Difference between revisions of "dimensionality Reduction for Supervised Learning with Reproducing Kernel Hilbert Spaces"

From statwiki
Jump to: navigation, search
(Cross-Covariance Operators)
(Original Problem)
Line 9: Line 9:
<br />
<br />
We want to find an orthogonal projection <math>\Pi_S</math> of <math>\mathbb{R}^n</math> onto <math>S</math>,
We want to find an orthogonal projection <math>\Pi_S</math> of <math>\mathbb{R}^n</math> onto <math>S</math>,
which let
which lets conditional probability
<br />
<br />
<math>p_{Y|X}(y|x) = p_{Y|\Pi_S X}(y|\Pi_S x).</math>
<math>p_{Y|X}(y|x) = p_{Y|\Pi_S X}(y|\Pi_S x).</math>

Revision as of 12:11, 25 June 2009

It is a technique for dimensionality reduction in the setting of supervised learning.

Original Problem

Given a set of data [math](X,Y)[/math], where [math]X \in \mathbb{R}^n[/math] is m-dimensional explanatory variable and [math]Y \in \mathbb{R}^{\ell}[/math] is [math]\ell[/math]-dimensional response. [math]Y[/math] could be continuous or discrete.
We want to find an orthogonal projection [math]\Pi_S[/math] of [math]\mathbb{R}^n[/math] onto [math]S[/math], which lets conditional probability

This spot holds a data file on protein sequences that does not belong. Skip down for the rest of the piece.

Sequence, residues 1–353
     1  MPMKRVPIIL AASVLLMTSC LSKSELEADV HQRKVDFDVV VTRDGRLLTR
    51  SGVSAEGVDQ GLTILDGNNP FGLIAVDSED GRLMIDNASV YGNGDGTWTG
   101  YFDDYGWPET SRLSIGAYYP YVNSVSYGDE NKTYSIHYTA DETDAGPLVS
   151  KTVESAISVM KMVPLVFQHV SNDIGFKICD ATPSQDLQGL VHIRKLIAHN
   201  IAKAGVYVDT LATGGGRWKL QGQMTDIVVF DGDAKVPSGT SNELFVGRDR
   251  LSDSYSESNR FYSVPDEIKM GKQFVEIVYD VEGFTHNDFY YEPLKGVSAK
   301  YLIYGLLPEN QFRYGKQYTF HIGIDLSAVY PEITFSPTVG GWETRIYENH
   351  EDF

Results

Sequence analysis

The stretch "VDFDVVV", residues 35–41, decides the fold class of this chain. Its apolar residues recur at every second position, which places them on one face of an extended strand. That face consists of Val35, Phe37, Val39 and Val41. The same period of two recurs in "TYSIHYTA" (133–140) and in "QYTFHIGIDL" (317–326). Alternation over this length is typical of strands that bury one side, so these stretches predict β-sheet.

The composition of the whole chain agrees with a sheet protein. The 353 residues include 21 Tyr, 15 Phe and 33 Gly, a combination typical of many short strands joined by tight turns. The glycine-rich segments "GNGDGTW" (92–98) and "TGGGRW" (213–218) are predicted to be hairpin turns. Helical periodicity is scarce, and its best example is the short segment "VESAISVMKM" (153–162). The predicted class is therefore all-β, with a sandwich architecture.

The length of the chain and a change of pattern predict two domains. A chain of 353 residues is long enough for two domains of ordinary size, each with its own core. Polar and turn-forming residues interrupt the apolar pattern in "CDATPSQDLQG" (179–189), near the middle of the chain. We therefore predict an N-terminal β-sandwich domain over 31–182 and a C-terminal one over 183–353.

[math]p_{Y|X}(y|x) = p_{Y|\Pi_S X}(y|\Pi_S x).[/math]
The subspace [math]S \in \mathbb{R}^m[/math] is called the effective subspace of regression.
Equivalently, given i.i.d sample [math]\{(X_1,Y_1), \cdots, (X_n, Y_n)\}[/math] from [math]p_X[/math] and [math]p_{Y|X}[/math] get a matrix whose columns span the effective subspace [math]S[/math] which let
[math]p_{Y|X}(y|x) = p_{Y|\Pi_SX}(y|\Pi_S x).[/math]

Decomposition of [math]X[/math]

Let [math](B,C)[/math] be the m-dimensional orthogonal matrix, where column vectors of [math]B[/math] span the subspace [math]S[/math].
Define [math]U=B^T X[/math] and [math]V=C^T X[/math], then we have
[math]p_X(x) = p_{U,V}(u,v)[/math] and [math]p_{X,Y}(x,y)=p_{U,V,Y}(u,v,y)[/math]
From the equations above, we have change the equation of condtional probability
[math]p_{Y|X}(y|x) = p_{Y|\Pi_S X}(y|\Pi_Sx)[/math]
[math]p_{Y|U,V}(y|u,v) = p_{Y|U}(y|u),[/math]